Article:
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Teesta Barrage counts 10K winged guests

The winged guests generally fly in from Tibet, China, Mangolia, eastern parts of Europe and Siberia. Many of these also come from Ladakh. Rasik Bill, Mahananda Barrage, Gazoldoba and Nararthali are some of the common places where thousands of migratory fowls of different species normally come in during the first or second week of December every year to spend the winter.

Sankha Ghosh | Siliguri |

Around 10,000 birds were counted at the Teesta Barrage at Gazoldoba near Siliguri in Jalpaiguri district during the annual waterfowl count this year. Activists said the count was higher than the number of such birds last year.

The Himalayan Nature and Adventure Foundation (HNAF), in association with the forest department, is carrying out the month-long waterfowl count at major water bodies.

“We conducted the count at the Teesta Barrage at Gazoldoba in association with the Baikunthapur Forest Division and the West Bengal Biodiversity Board with 14 members, including bird watchers, divided into five groups yesterday, and it has revealed that the number of species and waterfowls has gone up as compared to last year. According to primary reports, around 10,000 waterfowls have been spotted this year, while it was around 7500 last year. We noticed 64 species last year and this year we have so far counted around 70. We are preparing reports of the counts in four other water bodies too,” said a conservationist and programme coordinator of the HNAF, Animesh Bose.

The count this year is covering four water bodies -Mahananda Barrage at Fulbari, Teesta-Karala confluence, Domohoni Bil and Gonsaihat Bil. The winter waterfowl count will be also be conducted at Murti and Jaldhaka under the Gorumara National Park, Torsha under the Jaldapara National Park, Nararthali Bil under the Buxa Tiger Reserve, Rasik Bil, Falimari Bil in Cooch Behar district, and DianaJaldhaka confluence- Noukabihar under the Jalpaiguri forest division. It may be noted that all these areas have become hotspots for bird enthusiasts and ornithologists.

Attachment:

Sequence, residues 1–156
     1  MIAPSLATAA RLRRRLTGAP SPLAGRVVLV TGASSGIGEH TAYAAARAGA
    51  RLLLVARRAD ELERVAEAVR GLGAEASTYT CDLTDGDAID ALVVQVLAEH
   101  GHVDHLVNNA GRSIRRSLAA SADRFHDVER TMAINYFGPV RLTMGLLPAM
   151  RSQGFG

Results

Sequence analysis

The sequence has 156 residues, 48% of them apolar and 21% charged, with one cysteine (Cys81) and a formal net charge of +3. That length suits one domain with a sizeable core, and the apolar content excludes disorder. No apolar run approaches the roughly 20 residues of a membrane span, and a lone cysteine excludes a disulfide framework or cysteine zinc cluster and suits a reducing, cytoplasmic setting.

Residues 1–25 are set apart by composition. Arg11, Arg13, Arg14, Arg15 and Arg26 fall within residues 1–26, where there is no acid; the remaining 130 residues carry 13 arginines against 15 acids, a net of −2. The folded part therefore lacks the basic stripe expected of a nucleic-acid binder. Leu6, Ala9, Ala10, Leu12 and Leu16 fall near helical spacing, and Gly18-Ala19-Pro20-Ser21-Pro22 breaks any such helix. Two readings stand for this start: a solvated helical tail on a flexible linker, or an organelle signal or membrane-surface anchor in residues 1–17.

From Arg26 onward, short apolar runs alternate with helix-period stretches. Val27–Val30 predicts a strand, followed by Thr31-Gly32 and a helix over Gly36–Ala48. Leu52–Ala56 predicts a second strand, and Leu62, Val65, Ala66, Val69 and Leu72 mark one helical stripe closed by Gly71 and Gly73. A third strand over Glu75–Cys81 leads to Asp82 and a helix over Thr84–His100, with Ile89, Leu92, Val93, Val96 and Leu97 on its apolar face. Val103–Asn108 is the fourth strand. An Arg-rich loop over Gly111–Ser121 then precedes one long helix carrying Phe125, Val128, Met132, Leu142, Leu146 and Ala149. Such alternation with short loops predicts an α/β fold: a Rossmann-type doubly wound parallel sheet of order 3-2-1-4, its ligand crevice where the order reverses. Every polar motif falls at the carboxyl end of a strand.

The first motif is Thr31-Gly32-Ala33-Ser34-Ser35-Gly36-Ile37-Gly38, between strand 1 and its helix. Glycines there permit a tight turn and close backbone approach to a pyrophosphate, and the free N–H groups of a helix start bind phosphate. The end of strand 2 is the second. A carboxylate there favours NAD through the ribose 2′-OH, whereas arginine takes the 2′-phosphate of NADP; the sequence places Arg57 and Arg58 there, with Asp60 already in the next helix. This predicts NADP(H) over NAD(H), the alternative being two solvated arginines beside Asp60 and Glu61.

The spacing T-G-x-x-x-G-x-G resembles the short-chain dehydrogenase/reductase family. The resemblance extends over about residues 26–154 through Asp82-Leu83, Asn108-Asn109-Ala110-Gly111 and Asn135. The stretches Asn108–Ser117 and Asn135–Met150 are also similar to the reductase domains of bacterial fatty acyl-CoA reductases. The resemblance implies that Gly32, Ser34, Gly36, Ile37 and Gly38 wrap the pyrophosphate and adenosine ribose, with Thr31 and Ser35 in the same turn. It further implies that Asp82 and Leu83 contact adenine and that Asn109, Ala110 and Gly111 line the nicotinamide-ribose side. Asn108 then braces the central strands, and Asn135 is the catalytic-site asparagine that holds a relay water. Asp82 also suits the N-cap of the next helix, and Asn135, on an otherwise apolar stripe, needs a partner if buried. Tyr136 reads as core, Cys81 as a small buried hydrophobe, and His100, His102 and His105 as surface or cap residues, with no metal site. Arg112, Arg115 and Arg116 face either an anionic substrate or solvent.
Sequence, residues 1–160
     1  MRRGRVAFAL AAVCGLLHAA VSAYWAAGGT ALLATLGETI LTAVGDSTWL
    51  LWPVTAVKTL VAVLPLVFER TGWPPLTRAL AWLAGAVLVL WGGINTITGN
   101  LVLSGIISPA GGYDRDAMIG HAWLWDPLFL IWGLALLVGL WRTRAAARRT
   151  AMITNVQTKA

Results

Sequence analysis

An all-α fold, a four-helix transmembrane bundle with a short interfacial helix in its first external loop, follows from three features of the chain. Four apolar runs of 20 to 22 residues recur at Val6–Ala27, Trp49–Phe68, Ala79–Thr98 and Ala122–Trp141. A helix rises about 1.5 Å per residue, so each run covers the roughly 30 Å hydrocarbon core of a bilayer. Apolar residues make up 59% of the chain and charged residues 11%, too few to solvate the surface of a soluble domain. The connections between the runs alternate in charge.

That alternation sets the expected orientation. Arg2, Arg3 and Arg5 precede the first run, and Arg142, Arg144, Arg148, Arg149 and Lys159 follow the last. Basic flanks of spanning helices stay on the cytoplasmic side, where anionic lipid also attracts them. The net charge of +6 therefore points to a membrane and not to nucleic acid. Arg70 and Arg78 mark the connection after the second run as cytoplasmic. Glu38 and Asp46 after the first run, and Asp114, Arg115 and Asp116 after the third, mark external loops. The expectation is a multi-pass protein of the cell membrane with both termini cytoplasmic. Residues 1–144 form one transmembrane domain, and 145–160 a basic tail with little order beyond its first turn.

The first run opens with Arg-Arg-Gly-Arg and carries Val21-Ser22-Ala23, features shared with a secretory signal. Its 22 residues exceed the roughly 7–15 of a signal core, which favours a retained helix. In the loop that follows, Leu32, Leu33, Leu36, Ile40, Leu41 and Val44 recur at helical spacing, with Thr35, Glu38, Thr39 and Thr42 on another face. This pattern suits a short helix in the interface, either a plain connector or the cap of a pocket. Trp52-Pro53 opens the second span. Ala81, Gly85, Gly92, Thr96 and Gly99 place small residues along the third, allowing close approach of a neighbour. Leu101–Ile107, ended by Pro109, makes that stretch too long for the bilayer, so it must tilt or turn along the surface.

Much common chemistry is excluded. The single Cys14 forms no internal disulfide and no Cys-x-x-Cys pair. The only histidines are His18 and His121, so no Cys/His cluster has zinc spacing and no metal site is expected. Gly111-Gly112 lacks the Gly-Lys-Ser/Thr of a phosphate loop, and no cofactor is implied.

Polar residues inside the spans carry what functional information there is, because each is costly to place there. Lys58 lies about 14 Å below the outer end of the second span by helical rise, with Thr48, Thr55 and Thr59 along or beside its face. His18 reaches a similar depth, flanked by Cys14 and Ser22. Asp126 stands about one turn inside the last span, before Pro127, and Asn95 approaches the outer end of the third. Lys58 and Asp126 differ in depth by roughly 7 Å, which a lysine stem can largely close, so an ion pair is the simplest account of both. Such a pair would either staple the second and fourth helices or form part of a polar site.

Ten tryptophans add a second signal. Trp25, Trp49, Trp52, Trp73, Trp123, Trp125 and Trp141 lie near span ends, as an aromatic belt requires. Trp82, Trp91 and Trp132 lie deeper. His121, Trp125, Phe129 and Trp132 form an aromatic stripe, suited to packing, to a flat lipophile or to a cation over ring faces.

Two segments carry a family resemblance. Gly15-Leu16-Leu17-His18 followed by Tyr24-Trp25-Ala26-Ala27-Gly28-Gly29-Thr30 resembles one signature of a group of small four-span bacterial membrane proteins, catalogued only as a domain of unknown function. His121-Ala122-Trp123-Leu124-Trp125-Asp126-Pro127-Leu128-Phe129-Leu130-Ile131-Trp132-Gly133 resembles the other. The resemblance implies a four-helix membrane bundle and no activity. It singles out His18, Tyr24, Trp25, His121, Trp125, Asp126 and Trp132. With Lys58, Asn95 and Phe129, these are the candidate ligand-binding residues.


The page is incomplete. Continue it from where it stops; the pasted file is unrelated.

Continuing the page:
The winged guests generally fly in from Tibet, China, Mangolia, eastern parts of Europe and Siberia. Many of these also come from Ladakh. Rasik Bill, Mahananda Barrage, Gazoldoba and Nararthali are some of the common places where thousands of migratory fowls of different species normally come in during the first or second week of December every year to spend the winter.

The count is conducted through the block counting and exact counting methods, Mr Bose said. “We have been conducting the survey in all major wetlands of north Bengal. These play a crucial part in maintaining the eco-system. During the bird counts, the overall assessment of the water bodies is also made. We analyse the condition, any threat for the birds and other features,” he added.

At Teesta Barrage, the team spotted some vagrant species like smew, falcated ducks, 36 bar-headed goose, and dunlin. Though the red-breasted merganser was found during the early winter, it could not be spotted during the count. It has also found 2,000-2,500 other birds like the northern lapwing and pacific golden plover. HNAF sends the detailed reports of the counts every year to the Wetlands International and Bombay Natural History Society, while from this year the data-based reports will also be sent to the West Bengal Biodiversity Board, it is learnt.